Defining Ancient Maya Communities: The Social, Spatial, and Ritual Organization of Outlying Temple Groups at Ceibal, Guatemala
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PublisherThe University of Arizona.
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EmbargoRelease after 05/02/2020
AbstractWhat was the spatial and social organization of ancient Maya cities, and how were diverse populations socially and politically integrated? This dissertation explores these questions by investigating the formation of local communities around minor temples in outlying areas of Ceibal, Guatemala. Many researchers have suggested that minor temples were important integrative hubs in lowland Maya settlements. I further propose that they were the physical and ideological centers of different local communities, akin to neighborhoods, throughout Ceibal. I define a local community as a supra-household social group comprised of members who share common histories and ties to particular places. Communities may be constituted through co-residence, similar modes of living, and common beliefs and practices, which foster shared identities and differentiate one group from others. At the same time, many communities can arise within—and in turn reinforce—a greater vision of cohesion across a larger society. To assess the relationships between minor temples and the socio-spatial formation of local communities, I investigate: 1) whether different segments of the population settled around each temple, creating discrete residential zones around the city; 2) whether there was a communal source of water within each zone, which would have been an important location for daily interactions and a crucial source of potable water; and 3) if there were variations in material culture across different residential zones, which could relate to social differences. A diachronic evaluation of multiple lines of evidence enables me to explore how these groups formed and changed through time. Data for this study was collected through systematic excavations of five minor temples, nearby residents, and potential aguadas (manmade reservoirs) associated with temples across Ceibal. The results of my analysis suggest that different groups of people constructed their own temple as they moved into outlying areas of the site throughout the Late and Terminal Preclassic periods (ca. 350 BC-AD 175). I found evidence that people routinely gathered at the temples for ceremonies, which may have helped foster group identities. The geospatial analyses of settlement data I performed in ArcGIS and my comparisons of pottery assemblages from different temple groups strongly suggest that local communities formed as discrete socio-spatial units around specific temples. Analysis of pollen in soils collected from the aguadas revealed that these features held water seasonally, and that maize was cultivated nearby. Together, my research suggests that local communities were established through ritual practices carried out at the temples, co-residence, management of communal sources of water, and potentially collective participation in agricultural production. Community patterns may have changed in later times, however, after many of the temples were ritually terminated around sometime between AD 175 and AD 300. In summary, local communities at Ceibal were somewhat autonomous: they controlled their own local resources, carried out their own building programs, and performed many of their own religious ceremonies. Nevertheless, the social relations undertaken at this intermediate level of society were integral to shaping, maintaining and changing the larger sociopolitical order through time.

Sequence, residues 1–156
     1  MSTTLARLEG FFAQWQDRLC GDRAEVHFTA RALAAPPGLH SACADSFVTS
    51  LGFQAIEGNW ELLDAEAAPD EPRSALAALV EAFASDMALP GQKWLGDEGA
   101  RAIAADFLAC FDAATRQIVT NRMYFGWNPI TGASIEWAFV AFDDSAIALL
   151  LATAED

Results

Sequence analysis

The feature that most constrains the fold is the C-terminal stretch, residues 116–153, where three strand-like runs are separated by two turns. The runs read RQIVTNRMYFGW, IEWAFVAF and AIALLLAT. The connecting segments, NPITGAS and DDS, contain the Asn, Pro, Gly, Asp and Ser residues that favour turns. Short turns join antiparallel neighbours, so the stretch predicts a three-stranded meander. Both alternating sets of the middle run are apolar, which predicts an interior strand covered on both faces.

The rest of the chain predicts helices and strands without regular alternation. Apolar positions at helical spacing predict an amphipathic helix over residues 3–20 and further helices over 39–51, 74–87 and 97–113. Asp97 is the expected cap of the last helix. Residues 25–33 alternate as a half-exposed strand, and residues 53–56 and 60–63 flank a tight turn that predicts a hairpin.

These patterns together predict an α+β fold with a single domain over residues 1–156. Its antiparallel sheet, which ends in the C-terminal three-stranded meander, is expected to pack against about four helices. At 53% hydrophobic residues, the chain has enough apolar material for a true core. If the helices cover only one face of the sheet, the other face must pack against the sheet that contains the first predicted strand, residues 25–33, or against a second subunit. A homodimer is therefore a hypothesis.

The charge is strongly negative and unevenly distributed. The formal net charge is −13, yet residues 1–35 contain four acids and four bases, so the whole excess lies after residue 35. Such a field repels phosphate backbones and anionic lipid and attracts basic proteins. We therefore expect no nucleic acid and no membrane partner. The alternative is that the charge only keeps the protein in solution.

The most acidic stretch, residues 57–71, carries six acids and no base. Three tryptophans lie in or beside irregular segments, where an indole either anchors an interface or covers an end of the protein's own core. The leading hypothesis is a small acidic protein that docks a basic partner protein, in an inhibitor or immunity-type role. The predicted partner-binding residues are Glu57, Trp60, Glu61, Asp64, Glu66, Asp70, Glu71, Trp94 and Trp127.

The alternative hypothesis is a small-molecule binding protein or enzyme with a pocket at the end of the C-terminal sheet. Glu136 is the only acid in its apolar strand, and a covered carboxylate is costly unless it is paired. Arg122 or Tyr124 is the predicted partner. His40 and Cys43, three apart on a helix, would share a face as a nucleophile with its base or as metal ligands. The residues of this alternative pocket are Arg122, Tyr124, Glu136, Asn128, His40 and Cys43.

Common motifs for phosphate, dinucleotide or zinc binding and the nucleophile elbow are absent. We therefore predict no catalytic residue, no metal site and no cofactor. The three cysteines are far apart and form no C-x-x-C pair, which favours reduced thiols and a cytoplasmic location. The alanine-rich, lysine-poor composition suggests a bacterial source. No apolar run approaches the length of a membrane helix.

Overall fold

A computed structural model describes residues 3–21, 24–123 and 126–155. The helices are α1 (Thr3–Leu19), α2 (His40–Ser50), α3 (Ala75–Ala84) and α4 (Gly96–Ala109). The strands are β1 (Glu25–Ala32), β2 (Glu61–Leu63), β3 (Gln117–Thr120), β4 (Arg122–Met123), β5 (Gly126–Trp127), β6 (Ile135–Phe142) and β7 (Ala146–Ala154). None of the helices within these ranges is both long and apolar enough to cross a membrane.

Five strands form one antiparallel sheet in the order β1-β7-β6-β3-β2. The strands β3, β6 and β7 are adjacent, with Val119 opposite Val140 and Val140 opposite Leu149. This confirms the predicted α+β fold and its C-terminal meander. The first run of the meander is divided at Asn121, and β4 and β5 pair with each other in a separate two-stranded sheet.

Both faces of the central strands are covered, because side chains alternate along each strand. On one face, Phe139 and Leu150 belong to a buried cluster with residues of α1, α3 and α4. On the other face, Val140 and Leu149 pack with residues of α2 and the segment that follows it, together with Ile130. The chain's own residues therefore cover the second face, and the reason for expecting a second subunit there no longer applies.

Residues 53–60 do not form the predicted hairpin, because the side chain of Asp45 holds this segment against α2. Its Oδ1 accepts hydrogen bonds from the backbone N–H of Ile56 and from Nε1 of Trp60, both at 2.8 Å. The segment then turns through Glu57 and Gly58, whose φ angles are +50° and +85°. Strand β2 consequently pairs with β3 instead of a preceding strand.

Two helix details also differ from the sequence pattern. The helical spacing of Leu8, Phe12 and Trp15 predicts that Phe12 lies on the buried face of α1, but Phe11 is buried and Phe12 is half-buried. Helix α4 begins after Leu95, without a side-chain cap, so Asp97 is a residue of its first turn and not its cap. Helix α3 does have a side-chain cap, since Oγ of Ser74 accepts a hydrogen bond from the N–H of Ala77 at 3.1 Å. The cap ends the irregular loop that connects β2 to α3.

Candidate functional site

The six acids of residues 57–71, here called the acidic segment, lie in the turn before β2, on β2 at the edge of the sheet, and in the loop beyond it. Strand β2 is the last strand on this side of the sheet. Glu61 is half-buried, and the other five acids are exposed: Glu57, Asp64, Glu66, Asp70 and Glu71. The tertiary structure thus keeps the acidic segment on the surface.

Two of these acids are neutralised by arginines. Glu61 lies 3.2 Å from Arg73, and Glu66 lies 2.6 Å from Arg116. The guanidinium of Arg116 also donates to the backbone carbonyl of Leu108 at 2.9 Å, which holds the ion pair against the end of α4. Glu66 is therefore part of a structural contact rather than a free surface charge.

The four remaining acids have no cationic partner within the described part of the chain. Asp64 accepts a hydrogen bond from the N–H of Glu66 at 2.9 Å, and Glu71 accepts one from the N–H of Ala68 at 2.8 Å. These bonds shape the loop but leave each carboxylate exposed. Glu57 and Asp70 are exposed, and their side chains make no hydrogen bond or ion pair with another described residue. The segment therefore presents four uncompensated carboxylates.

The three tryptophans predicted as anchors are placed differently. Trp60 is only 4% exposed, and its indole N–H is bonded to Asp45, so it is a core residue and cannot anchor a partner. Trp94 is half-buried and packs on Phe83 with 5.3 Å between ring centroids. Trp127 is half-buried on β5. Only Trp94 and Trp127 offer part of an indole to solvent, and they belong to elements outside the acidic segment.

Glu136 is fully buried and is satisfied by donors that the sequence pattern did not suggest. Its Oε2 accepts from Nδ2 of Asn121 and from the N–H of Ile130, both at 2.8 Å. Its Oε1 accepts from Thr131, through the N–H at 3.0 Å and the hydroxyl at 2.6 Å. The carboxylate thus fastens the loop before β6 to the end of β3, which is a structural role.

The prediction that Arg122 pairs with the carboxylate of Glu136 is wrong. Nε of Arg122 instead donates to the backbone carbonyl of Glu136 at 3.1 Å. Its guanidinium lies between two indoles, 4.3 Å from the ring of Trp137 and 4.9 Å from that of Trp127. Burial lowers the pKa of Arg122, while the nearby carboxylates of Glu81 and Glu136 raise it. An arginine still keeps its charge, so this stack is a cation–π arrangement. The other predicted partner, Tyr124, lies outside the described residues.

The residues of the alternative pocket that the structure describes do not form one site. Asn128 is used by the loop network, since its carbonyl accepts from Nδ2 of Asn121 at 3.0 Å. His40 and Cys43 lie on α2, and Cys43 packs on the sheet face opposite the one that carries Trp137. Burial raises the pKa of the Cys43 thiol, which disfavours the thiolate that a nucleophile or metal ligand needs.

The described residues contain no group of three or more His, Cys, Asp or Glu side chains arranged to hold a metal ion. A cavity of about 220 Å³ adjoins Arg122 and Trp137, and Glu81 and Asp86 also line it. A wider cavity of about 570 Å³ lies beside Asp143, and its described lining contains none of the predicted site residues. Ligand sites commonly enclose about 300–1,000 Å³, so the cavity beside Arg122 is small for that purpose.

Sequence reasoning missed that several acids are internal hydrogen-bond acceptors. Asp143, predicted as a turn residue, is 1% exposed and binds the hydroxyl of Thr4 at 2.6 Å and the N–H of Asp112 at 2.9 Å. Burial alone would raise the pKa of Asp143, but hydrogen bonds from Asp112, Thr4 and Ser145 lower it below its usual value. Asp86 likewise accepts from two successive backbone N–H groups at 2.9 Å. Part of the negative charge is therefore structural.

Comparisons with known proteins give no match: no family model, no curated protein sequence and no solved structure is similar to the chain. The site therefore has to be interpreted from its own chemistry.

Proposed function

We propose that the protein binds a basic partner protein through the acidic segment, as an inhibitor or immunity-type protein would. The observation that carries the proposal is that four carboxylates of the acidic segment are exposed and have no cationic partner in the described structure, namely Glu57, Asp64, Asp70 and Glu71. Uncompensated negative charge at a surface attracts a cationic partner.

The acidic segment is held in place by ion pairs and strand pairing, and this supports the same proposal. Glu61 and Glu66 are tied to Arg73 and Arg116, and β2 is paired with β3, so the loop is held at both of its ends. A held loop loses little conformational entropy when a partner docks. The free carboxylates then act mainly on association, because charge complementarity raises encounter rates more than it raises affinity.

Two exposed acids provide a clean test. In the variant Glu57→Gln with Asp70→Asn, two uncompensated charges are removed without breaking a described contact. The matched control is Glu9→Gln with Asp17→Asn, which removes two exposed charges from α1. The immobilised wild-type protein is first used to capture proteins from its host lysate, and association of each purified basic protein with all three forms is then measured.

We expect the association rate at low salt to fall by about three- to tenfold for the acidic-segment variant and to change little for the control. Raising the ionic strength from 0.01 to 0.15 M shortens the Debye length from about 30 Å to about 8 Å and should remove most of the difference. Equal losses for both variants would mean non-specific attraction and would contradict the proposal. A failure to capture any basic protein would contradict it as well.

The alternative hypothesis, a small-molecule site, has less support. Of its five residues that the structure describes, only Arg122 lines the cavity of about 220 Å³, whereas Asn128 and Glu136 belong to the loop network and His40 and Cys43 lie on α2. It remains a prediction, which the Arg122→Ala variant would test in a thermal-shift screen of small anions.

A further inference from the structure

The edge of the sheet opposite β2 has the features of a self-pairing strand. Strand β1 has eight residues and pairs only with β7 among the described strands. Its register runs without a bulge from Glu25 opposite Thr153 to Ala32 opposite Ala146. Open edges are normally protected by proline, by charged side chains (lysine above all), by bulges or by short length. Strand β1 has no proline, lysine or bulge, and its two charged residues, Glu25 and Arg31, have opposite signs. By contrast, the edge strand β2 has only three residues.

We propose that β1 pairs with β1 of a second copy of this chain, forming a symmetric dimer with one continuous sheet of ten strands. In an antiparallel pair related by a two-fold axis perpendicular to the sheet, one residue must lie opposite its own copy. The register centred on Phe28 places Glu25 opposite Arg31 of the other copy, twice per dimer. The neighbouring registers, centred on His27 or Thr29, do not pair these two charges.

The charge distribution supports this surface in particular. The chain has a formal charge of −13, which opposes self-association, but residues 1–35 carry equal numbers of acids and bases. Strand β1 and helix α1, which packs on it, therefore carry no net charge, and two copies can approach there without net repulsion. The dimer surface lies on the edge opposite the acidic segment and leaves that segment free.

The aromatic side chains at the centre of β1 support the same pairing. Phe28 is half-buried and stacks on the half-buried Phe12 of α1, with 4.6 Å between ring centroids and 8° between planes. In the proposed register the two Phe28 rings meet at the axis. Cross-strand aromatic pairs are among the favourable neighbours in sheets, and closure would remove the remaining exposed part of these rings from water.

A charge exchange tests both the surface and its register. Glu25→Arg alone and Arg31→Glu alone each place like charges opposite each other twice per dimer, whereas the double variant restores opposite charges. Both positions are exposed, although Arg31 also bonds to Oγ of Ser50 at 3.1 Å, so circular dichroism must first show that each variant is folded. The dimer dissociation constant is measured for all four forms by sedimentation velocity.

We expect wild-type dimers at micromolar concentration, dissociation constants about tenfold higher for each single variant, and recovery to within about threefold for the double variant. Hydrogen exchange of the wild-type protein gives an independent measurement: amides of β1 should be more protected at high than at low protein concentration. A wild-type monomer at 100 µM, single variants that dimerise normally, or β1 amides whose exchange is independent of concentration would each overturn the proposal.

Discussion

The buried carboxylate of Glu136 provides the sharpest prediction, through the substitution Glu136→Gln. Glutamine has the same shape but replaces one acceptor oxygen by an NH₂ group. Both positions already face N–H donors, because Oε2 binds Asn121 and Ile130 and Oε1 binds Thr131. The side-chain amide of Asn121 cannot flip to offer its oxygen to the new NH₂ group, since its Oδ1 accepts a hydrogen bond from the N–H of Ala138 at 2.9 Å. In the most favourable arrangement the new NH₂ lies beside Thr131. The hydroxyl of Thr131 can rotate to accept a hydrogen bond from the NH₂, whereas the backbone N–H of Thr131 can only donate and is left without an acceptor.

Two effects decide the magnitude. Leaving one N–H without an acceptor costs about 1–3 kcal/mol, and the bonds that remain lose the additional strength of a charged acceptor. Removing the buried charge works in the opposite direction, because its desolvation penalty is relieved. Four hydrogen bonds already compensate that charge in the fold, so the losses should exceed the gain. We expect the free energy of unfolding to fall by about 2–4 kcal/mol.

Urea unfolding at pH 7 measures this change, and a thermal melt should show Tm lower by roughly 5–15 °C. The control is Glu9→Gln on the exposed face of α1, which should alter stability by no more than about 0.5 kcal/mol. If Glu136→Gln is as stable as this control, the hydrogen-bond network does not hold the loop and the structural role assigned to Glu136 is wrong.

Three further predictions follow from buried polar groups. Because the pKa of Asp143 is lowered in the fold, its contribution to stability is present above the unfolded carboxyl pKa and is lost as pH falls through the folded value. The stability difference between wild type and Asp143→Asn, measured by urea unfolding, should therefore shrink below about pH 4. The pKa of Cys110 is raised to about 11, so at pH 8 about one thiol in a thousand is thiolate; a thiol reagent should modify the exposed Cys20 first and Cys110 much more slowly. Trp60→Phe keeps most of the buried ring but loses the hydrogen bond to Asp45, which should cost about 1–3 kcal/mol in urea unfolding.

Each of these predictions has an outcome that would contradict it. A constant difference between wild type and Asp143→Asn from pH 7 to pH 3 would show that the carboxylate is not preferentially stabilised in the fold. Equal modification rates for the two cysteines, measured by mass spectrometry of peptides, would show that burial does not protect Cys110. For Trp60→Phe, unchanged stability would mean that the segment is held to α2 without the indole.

Degree ProgramGraduate College